Sulfonylurea-sensitive K+ transport is involved in Cl- secretion and cyst growth by cultured ADPKD cells

Lawrence P. Sullivan, Darren P. Wallace, Tony Gover, Paul A. Welling, Tamio Yamaguchi, Robin Maser, Jason W. Eppler, Jared J. Grantham

Research output: Contribution to journalArticle

Abstract

Transepithelial chloride and fluid secretion by many types of epithelia involves activation of a conductive K+ pathway that serves to support the electrochemical driving force for Cl- secretion. This study sought to determine if such a pathway is involved in Cl- and fluid secretion by the cystic epithelia in autosomal dominant polycystic kidney disease (ADPKD). Primary cultures of cells derived from the cysts of patients with ADPKD were used. Confluent monolayers of these cells, mounted in Ussing chambers, were stimulated to secrete Cl- by application of the adenylyl cyclase agonist, forskolin. The effects of various K+ channel blockers on the increase in short-circuit current (Isc) generated by active Cl- secretion were determined. Charybdotoxin, an inhibitor of Ca2+-sensitive K+ channels exerted no effect. Similarly, the chromanole 293B, an inhibitor of cAMP-induced K+ conductance, exerted no effect on cAMP-dependent anion secretion. Glibenclamide, an inhibitor of ATP-sensitive K+ channels and the cystic fibrosis transmembrane conductance regulator (CFTR), modestly inhibited the forskolin-stimulated current when applied to the apical surface of the monolayers, suggesting a relatively weak effect on CFTR. Basolateral application of glibenclamide inhibited Isc to a greater extent. This latter effect may be due to inhibition of a K+-conductive transport step. Glibenclamide exerted little effect on the Isc of nonstimulated monolayers. Cyst growth in ADPKD is driven by cell proliferation and Cl- and fluid secretion. The effect of glibenclamide on the growth of cysts formed within a collagen gel by cultured ADPKD cells was tested. Addition of glibenclamide to the media bathing the cysts inhibited their growth. Glibenclamide also blocked the formation of cysts when it was added to the media at the time the cells were seeded within the collagen gel. Glibenclamide was also found to inhibit the proliferation of ADPKD cells. RT-PCR analysis demonstrated that the ATP-sensitive K+ channel, Kir 6.2, is expressed in cultured ADPKD cells and in normal human kidney. These results suggest that ATP-sensitive K+ channel blockers should be investigated as possible therapeutic agents to inhibit cyst growth in ADPKD.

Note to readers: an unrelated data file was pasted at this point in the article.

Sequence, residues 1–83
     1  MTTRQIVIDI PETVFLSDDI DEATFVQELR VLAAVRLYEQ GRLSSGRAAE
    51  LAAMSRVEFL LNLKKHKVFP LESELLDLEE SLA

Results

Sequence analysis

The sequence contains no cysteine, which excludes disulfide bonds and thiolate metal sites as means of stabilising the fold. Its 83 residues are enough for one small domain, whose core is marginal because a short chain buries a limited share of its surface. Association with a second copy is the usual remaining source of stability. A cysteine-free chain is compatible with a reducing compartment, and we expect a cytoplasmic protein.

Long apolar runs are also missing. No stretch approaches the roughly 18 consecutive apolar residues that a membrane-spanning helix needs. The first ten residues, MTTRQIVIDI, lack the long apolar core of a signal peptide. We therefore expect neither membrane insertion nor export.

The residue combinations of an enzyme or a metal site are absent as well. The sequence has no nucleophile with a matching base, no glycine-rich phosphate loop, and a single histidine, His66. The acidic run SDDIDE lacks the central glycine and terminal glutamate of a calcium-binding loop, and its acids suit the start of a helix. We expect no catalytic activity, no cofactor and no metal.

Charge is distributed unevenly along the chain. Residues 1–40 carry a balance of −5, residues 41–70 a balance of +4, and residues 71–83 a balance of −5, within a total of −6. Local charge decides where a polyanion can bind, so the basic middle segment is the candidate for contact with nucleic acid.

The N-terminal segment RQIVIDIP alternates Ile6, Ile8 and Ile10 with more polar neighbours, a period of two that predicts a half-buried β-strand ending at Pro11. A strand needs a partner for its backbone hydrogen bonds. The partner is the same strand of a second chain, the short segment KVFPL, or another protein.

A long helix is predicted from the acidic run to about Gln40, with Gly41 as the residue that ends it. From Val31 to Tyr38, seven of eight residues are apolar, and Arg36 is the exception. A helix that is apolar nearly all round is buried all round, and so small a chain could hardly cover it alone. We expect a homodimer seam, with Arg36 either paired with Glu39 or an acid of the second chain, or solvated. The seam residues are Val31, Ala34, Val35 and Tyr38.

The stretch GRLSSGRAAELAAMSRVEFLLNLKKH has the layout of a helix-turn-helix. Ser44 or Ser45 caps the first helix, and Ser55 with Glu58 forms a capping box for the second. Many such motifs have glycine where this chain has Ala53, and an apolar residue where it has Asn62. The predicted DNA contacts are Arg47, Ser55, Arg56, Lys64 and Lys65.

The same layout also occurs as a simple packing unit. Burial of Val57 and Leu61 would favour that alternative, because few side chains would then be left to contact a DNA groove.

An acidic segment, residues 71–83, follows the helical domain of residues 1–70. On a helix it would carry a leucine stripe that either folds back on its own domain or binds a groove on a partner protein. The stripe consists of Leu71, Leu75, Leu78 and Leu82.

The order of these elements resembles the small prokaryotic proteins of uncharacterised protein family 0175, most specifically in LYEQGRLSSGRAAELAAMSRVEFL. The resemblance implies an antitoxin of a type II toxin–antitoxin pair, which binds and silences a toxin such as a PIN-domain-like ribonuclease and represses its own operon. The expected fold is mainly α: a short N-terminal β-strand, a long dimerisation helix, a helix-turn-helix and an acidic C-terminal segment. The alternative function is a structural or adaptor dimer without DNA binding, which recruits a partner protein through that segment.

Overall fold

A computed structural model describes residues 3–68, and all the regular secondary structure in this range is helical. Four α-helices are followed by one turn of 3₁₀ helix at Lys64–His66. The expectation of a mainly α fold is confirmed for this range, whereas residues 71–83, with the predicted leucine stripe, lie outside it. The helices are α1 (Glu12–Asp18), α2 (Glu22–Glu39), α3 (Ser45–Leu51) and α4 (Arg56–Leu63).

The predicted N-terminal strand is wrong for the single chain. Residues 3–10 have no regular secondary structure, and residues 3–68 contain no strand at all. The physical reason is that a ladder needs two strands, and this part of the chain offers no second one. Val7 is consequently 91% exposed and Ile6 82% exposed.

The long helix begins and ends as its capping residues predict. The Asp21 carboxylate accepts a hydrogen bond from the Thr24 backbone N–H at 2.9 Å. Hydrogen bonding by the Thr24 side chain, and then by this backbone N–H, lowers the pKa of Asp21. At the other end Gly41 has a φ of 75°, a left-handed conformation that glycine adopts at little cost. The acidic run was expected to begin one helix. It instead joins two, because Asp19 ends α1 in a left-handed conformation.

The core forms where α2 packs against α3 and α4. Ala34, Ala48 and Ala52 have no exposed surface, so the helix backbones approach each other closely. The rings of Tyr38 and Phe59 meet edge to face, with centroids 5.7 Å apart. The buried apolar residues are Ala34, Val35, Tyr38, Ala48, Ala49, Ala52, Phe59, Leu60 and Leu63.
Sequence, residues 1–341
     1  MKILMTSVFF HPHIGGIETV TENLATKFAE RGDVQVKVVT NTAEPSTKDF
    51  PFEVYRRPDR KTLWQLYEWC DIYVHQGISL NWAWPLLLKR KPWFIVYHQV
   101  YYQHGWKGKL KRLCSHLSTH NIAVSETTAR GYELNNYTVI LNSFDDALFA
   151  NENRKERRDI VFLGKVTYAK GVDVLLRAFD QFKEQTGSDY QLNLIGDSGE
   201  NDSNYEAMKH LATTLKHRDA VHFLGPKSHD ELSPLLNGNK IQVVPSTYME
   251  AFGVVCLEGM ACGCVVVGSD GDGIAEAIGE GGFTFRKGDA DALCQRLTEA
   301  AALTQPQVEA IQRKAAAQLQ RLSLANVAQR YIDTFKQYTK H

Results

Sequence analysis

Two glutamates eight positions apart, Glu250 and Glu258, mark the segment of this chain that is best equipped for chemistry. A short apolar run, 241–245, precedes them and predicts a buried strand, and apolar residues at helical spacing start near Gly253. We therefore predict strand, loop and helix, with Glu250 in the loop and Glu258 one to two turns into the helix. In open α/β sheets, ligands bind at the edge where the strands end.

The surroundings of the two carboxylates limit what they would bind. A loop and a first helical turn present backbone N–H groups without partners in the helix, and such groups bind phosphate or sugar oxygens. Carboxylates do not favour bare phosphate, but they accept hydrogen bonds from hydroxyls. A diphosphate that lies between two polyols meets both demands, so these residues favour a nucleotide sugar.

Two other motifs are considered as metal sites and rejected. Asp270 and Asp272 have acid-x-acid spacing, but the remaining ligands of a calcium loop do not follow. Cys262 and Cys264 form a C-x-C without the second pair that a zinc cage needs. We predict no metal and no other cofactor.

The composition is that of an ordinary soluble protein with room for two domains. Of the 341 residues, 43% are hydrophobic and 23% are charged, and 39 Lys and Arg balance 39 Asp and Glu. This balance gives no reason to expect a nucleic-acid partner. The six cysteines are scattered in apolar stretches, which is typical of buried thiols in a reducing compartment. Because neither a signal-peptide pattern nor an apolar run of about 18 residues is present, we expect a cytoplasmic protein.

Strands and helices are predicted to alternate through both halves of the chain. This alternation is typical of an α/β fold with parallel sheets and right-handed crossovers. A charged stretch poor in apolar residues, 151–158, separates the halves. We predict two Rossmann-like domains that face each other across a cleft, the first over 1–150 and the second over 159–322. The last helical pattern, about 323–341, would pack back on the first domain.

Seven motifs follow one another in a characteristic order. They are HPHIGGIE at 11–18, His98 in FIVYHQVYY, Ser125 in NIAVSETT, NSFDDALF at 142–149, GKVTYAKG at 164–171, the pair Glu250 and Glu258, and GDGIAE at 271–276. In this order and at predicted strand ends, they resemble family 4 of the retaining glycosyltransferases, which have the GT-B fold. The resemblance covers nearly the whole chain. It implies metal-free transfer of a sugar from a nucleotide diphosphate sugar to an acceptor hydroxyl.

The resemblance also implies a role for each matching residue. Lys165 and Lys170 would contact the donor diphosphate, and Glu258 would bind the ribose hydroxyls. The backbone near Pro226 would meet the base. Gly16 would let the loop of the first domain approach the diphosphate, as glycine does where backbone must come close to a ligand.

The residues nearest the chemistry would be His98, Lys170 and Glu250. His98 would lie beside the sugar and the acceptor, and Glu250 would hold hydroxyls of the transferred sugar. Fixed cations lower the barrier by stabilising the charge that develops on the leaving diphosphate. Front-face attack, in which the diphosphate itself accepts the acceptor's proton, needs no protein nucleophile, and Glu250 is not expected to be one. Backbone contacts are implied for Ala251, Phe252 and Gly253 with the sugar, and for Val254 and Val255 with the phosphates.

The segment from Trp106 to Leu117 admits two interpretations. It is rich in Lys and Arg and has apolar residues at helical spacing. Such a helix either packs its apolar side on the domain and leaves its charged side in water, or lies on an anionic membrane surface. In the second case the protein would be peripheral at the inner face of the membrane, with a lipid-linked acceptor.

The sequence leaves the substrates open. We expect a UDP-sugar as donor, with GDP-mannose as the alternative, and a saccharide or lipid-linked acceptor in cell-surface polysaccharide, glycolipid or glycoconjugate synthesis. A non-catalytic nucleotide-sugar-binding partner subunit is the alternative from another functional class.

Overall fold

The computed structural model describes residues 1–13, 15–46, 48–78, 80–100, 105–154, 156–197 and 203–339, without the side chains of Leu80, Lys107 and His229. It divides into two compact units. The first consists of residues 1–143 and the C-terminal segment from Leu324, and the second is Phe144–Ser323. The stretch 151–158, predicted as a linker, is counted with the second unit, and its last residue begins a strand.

Original languageEnglish (US)
Pages (from-to)2619-2627
Number of pages9
JournalJournal of the American Society of Nephrology
Volume13
Issue number11
DOIs
StatePublished - Nov 1 2002

ASJC Scopus subject areas

  • Nephrology

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